Thursday, February 05, 2009

Taoiseach Cowen calls for IMF to solve problems

One of the biggest problems facing Irish business is that the relative strength of the Euro, particularly with sterling, has made it very difficult to maintain exports and/or profit margins.

If Ireland still had the Punt as our currency, we could devalue to make our exports more competitively priced. As members, and very small ones at that, of the Eurozone, we have little say in the value of the currency and there’s no possibility that the currency will be devalued to suit our particular needs. After all, even in our pomp we were still only 1% of the wider EU economy.

However, a couple of months back something accidentally triggered a fall in the value of the Euro: a claim by a union leader that the Taoiseach had raised the spectre, during Social Partnership talks, of the IMF having to be called in.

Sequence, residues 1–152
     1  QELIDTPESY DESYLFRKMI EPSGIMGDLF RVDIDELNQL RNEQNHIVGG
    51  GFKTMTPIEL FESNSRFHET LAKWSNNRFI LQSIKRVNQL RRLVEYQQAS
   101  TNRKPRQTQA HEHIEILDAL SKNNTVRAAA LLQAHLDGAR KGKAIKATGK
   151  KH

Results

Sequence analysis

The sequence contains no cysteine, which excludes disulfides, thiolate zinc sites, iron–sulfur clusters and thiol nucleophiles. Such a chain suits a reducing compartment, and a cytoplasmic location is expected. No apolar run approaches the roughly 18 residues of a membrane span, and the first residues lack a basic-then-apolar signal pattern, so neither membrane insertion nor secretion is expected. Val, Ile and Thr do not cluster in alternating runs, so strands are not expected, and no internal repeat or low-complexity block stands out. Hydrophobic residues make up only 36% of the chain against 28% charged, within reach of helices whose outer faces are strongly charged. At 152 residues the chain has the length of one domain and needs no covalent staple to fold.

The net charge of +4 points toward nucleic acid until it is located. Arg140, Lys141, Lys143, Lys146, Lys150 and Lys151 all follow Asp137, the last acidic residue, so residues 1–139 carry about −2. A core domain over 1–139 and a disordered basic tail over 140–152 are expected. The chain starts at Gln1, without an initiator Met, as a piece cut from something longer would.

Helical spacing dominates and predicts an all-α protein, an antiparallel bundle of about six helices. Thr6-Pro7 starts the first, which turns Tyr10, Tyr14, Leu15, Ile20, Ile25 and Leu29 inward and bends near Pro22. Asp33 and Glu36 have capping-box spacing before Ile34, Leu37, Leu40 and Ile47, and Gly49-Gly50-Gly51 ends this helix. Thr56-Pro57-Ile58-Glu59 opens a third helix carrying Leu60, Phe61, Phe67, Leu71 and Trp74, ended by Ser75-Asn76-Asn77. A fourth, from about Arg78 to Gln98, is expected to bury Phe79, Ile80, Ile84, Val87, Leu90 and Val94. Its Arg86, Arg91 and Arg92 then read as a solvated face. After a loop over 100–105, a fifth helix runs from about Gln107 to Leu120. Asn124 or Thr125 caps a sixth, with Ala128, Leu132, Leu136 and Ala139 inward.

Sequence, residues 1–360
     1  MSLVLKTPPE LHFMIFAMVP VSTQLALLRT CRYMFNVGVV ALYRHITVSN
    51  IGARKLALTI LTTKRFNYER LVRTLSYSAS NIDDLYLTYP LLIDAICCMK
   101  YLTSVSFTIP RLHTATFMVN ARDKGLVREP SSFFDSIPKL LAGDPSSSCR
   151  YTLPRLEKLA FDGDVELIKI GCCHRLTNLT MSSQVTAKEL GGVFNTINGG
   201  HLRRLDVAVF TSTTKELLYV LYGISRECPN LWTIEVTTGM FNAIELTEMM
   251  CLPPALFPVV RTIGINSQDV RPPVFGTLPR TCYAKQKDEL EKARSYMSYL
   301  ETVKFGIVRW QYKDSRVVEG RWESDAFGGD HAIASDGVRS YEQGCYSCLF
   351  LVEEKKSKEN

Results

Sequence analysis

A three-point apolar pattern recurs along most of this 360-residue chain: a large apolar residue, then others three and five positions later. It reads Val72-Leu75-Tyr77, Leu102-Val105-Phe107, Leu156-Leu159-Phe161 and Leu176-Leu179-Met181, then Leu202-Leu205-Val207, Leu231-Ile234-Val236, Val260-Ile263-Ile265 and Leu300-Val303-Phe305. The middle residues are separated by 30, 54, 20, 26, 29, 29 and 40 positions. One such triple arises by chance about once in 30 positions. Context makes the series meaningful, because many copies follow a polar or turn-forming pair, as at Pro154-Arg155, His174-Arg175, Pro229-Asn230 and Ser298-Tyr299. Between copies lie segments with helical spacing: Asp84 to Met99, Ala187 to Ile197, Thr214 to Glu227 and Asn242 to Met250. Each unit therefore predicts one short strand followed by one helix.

So how could we engineer a repeat of this “accident”, without incurring the wrath of our EU and Eurozone partners?

Barack Obama swept into power on the back of a simple but very powerful and populist slogan: “Yes we can”.
Labour’s Eamon Gilmore nicked this at his party’s annual conference with his “is féider linn” call in the leader’s closing speech.
Now, in the Dáil, Taoiseach Brian Cowen has defiantly told the opposition that he’ll “do it my way” or, in the first official language “im modh féin”.

So Taoiseach Cowen should organise a series of open air rallies around the country to mobilise and motivate the populace, with local FF supporters primed to turn up with placards and rehearsed chants in supports of our leaders declared modus operandi.

To make it a bit snappier, any PR guru would advise that “im modh féin” be reduced to its appropriate TLA, that is, IMF.

Picture the sight beamed across the world by 24-hour TV channels - a belligerent Cowen roaring incoherently off a platform or the back of a truck, to a huge crowd chanting “IMF, IMF, IMF” and waving placards bearing those same initials.
That should be enough to send the Euro into freefall and take much of the pressure off our hard-pressed exporters.

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